Sensibility and specificity for pregnancy morbidity of anti-b2-glycoprotein I antibodies in antiphospholipid syndrome
AbstractObjective: This study aimed to evaluate the sensitivity and specificity of the anti-b2-glycoprotein I antibodies for pregnancy morbidity in the antiphosoplipid syndrome (APS). Methods: 335 women were recruited and on the basis of their clinical features were subdivided into 2 groups homogenous for number and age. The first (study) group contained the women whose pregnancy complications satisfied the classification criteria for APS. The second (control) group was made up of women with pregnancy complications not included in the classification criteria for APS. Anti-b2-GPI, anticardiolipin antibodies (aCL) and lupus anticoagulants (LA) were determined in all of these women. Results: The only antiphospholipid antibodies occurring with a significant frequency (p=0,00) in the women with pregnancy criteria for APS were the IgG anti-b2-GPI and the IgG aCL present respectively in 23,92% and in 27,60% of the women. Its association was found to be significant (p=0,000). The distribution of the different levels of positivity of the IgG and IgM anti-b2 GPI in the patients of the study and control groups was not significantly different. The highest sensitivity for pregnancy complications was that of the IgG aCL and of the IgG anti-b2 GPI whose difference was not statistically significant. The comparison of the specificity of the IgG and IgM anti-b2 GPI with that of the IgG and IGM aCL was not statistically significant. Conclusions: The importance of determining the IgG anti-b2 GPI as part of routine laboratory testing of women with pregnancy complications typical of APS was confirmed. Together with IgG aCL these antibodies have proved to be the most sensitive and specific markers of pregnancy complications in APS.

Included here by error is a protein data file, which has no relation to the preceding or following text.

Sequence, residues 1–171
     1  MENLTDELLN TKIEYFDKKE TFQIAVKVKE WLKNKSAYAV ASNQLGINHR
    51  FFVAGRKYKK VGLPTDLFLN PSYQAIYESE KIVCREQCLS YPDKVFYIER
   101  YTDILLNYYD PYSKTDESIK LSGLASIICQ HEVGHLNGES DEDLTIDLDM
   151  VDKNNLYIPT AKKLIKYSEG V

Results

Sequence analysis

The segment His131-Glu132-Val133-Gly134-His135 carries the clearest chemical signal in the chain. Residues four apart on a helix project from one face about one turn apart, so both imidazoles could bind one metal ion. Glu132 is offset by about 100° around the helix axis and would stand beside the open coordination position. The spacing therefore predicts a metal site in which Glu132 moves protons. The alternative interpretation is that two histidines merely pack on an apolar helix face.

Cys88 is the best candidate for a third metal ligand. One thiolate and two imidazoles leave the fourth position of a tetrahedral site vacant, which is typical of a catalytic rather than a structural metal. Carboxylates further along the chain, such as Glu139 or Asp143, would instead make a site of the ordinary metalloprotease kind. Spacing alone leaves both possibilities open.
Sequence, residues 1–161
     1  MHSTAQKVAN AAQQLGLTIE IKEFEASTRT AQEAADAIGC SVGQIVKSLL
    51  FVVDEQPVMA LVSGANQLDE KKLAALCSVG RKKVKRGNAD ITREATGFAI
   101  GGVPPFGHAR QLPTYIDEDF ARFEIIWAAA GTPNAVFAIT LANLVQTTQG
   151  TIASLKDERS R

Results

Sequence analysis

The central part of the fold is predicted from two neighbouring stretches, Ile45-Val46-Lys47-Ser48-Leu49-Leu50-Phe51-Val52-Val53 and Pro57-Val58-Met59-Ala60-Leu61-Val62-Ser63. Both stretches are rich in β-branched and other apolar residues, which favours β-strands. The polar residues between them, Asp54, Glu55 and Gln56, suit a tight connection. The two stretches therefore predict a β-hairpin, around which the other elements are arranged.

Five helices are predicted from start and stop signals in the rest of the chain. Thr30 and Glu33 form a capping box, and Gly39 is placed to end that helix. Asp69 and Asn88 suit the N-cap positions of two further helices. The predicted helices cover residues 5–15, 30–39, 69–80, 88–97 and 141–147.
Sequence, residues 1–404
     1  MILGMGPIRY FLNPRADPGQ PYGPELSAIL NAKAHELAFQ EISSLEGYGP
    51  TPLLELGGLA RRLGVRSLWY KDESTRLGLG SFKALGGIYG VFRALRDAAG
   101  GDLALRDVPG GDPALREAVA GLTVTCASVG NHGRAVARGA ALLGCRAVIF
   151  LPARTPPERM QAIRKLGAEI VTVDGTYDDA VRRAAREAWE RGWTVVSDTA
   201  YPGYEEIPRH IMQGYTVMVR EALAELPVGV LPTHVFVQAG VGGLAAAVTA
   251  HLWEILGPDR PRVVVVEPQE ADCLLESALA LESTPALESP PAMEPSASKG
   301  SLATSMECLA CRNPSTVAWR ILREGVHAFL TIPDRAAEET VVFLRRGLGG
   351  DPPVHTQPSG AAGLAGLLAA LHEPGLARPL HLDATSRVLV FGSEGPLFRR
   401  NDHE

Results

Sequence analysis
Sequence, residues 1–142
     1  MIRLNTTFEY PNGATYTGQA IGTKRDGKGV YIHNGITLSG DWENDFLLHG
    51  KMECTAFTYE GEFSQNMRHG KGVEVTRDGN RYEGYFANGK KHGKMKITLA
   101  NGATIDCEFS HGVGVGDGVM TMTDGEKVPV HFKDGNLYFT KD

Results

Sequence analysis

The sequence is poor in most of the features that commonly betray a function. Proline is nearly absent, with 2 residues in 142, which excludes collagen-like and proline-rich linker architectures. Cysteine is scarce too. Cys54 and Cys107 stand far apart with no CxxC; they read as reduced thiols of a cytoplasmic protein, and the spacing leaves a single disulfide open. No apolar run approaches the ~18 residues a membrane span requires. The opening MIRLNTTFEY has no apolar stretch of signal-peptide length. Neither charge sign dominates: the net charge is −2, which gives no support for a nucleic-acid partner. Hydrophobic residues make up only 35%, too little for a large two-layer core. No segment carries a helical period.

- Abstract views: 754
- PDF: 722
Copyright (c) 1970 M. Tonello, A. Ruffatti, M. Favaro, T. Del Ross, D. Zamboni, P. Grypiotis, A. Cavazzana, M. Ciprian, S. Todesco
This work is licensed under a Creative Commons Attribution-NonCommercial 4.0 International License.